Carnival sweet treats

Regional traditions, variations on a theme and recipes where a little guilty pleasure is a must

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At the same time every year during Carnival festivities, every town in the Emilia-Romagna region is awash with masks, confetti, light and colour. The streets are filled with festive spirit that brings a smile to the faces of adults and children alike, whilst home kitchens are busy making piles of heavenly sweets.

This is just one of the many traditions associated with this festive period, which historically marked the start of Lent, encouraging people to indulge, celebrate and break the norms, not only in life but also in what they ate.

Although nowadays, traditional Carnival desserts are made in many countries around the world, Italy's tradition uses the widest variety of ingredients. Emilia-Romagna in particular proves to have one of the most extensive collections of recipes, passed down from generation to generation to offer delicious versions of classic Carnival fare.


These are perhaps the most well-known of all traditional Carnival sweets. As the equivalent to the American pastries known as ‘angel wings’, these scrumptious pastries are fried in oil and lard and sprinkled with icing sugar. They are a favourite amongst adults and children alike.
Also known by other regional names in Italy (chiacchiere, bugie, frappe, cróstoli...), Emilia-Romagna sfrappole are shaped like stripes and are easy to make at home.


Originating from the simple country cuisine of Romagna, some say that these pastries are typical of the area around Ravenna. Records show that rice was once cooked in milk in this area and leftovers were later used to make these little delicacies. Crunchy on the outside and soft in the middle, frittelline pastries can be fried in lard or oil, and prepared with a dash of grappa liquor or Marsala wine if desired.


Even a traditional pasta dish like tagliatelle can be transformed into a delectable dessert with a bit of imagination. Peasants in the Apennines knew this all too well, and during Carnival festivities would make this simple yet tasty recipe. These days, you will find this special sweet version of tagliatelle pasta just about anywhere, in a variety of different versions. Forget about the meat sauce though; icing sugar and orange peel are mixed into the pasta dough, which is then rolled and sliced into the classic ribbon-like pasta shape before being dunked into a deep-frying pan of seed oil.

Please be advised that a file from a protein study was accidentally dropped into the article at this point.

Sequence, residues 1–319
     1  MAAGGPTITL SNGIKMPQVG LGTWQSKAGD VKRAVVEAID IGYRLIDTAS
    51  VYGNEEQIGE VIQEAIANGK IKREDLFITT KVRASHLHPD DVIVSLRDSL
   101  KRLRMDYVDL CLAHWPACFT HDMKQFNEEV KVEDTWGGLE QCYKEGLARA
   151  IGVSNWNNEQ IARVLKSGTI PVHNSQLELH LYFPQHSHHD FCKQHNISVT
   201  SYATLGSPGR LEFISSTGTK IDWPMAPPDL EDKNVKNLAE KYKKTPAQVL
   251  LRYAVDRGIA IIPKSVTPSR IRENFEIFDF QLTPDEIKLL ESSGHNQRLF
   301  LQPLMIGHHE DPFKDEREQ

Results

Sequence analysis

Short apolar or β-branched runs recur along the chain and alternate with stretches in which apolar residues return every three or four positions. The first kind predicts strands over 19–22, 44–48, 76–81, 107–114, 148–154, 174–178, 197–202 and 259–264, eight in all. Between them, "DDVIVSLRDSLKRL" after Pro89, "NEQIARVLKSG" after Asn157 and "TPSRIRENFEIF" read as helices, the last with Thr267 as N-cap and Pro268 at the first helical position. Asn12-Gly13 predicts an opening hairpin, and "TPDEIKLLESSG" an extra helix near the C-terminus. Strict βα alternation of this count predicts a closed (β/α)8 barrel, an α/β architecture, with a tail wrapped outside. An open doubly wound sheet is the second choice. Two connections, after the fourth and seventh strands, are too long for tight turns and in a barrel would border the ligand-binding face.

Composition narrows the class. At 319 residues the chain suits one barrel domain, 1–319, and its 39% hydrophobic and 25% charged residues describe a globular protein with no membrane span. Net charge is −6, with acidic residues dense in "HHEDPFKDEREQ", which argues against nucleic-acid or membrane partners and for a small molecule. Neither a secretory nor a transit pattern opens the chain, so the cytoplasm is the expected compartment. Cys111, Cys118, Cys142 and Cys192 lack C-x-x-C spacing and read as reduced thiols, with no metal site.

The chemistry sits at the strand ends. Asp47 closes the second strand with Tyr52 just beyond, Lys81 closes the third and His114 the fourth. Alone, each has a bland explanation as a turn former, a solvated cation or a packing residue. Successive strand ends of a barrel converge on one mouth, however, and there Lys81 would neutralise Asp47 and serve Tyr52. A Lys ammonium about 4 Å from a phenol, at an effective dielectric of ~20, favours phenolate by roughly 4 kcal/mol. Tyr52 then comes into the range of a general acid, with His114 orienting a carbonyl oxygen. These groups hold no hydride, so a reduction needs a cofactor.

A traditional treat from Reggio Emilia, intrigoni (also known in local dialect as intrigòun) are pretty similar to the fried sfrappole pastries from Bologna. You’ll find them in every bakery of the Reggio Emilia area during Carnival season. Intrigoni are made of sweet puff pastry, rolled out to be around 2-3 mm thick, with jagged edges that are created using a little wheel, and can be shaped into stripes, rings or twisted ribbons.


Castagnole are one of Emilia-Romagna's most traditional sweet treats. Although the origins of these little round pastries are uncertain, and they can be found in many culinary traditions across Central-Northern Italy, the best-known version is the one included in Artusi’s famous cookbook, "La Scienza in Cucina e l’Arte di Mangiar Bene" [Science in the Kitchen and the Art of Eating Well]. According to Artusi's recipe, these pastries consist of a soft and irresistable dough made with eggs, sugar, flour, butter and lemon zest, flavored with a little cognac or acquavite and fried, of course, in plenty of oil.


Typical of the Piacenza area, sgionfini or sgonfietti are very similar to cream puffs and indeed are often filled with custard or chocolate cream. However, they are also excellent without filling, simply sprinkled with icing sugar. To prepare them you need to boil a mixture of water, butter and salt and then add some flour. Once the dough has cooled, mix in the eggs and lemon zest before frying.


Another Carnival dessert from the Piacenza area are tortelli or turtlitt, a kind of sweet ravioli once eaten in the village of Sant'Antonio a Trebbia on the day of the patron saint (17 January) and now served mainly during Carnival. While the dough is quite simple - flour, eggs, butter, sugar, lemon zest, salt and white wine - the filling of these fried tortelli is a real explosion of flavours. In fact, inside we find a mixture of chestnuts, amaretti biscuits, Cremona mustard, cocoa, jam and liqueur.

Last update 05/02/2024
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